Monday, August 24, 2009

Tangling with Tyrants: Managing the Balance of Power at Work

Tony Deblauwe
PageFree Publishing (2009)
ISBN 9781589615786
Reviewed by Tyler R. Tichelaar for Reader Views (7/09)

Tony Deblauwe's "Tangling with Tyrants" offers practical advice for dealing with stress at work, primarily resulting from a difficult boss. Deblauwe begins by making a case for how the workplace is full of difficult bosses and how many people have difficulty with their employers. While few people I think would disagree, Deblauwe offers some interesting statistics; for example, surveys about work attitude show that a person's relationship with his or her manager is the most important factor in determining a person's satisfaction at work, even outranking pay and benefits. Television programs such as "The Office" reflect how common bad bosses have become in today's business world, and people need to learn how to manage their managers, how to get their work done despite their managers, how to avoid emotional bullying from managers, and how to know when to move to another job. Furthermore, today people are being asked to do more work, with fewer resources, which puts pressure on everyone, including the managers, who then put pressure on their employees.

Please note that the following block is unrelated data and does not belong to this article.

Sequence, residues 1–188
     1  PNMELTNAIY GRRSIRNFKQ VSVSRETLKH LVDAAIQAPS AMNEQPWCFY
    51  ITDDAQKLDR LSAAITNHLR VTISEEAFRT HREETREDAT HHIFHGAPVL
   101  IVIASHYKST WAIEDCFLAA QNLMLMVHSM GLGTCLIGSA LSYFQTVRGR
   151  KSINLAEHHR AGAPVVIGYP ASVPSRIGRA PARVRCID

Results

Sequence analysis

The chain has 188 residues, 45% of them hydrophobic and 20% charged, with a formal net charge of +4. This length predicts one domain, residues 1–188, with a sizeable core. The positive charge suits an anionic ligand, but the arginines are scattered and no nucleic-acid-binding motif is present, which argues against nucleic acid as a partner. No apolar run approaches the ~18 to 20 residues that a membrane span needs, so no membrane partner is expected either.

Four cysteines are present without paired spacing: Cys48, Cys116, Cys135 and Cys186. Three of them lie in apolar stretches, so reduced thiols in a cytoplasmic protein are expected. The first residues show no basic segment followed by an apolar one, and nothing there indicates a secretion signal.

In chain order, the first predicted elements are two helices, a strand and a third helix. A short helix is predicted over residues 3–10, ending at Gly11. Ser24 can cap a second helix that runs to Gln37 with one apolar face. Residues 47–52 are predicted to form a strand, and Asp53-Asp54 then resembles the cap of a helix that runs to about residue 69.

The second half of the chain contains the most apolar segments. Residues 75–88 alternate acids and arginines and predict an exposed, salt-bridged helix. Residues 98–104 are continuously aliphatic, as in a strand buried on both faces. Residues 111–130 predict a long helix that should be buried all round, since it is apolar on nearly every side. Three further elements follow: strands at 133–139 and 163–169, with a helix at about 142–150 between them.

"Tangling with Tyrants" offers numerous suggestions for dealing with a difficult manager. The answers are not simple, but largely introspective. Employees need to change their perspectives, understand the situation from the manager's point of view, and avoid making assumptions or having pre-conceived ideas about their managers based on past actions or stereotypes. Having an effective communication process with your boss is extremely important, and it can be used to align your actions with your boss' needs to create a partnership to get the job done.
For me, this book had two strong points. The first was the discussion of popular ideas for how to deal with a difficult boss, and why those ideas are not the way to handle the situation. Among the seven common ideas are standing up for yourself, going over your boss' head to his or her boss, and getting your co-workers to complain with you as a group about your boss. Instead, Deblauwe suggests the GRACE model, which shows how to be Grounded (rather than reacting to your boss from fear), then Reframe the request, Acknowledge the boss' perspective, create a Consensus with the boss, and then Execute the action necessary to complete the task. The second strong point was the inclusion of scripts demonstrating the GRACE method so people could see ways to verbalize how to respond to the boss.
I thought "Tangling with Tyrants" was a good starting point for dealing with difficult bosses. I would have liked to have seen a great deal more of the scripting, and maybe even a sort of index or appendix that provided multiple scripts to use on different occasions such as: when your boss expects you to cover for him, when your boss takes credit for your ideas, when your boss comes to work in a foul mood, etc. Some of this was covered in the book but a handy reference guide to multiple situations with effective scripts would have been a bonus and an easy way to keep going back to the book in times of need. Even in the form of a workbook this would have been helpful.
I hope "Tangling with Tyrants" will help many people find ways to improve their work situations. If not, Deblauwe also offers good advice on when and how to leave your job.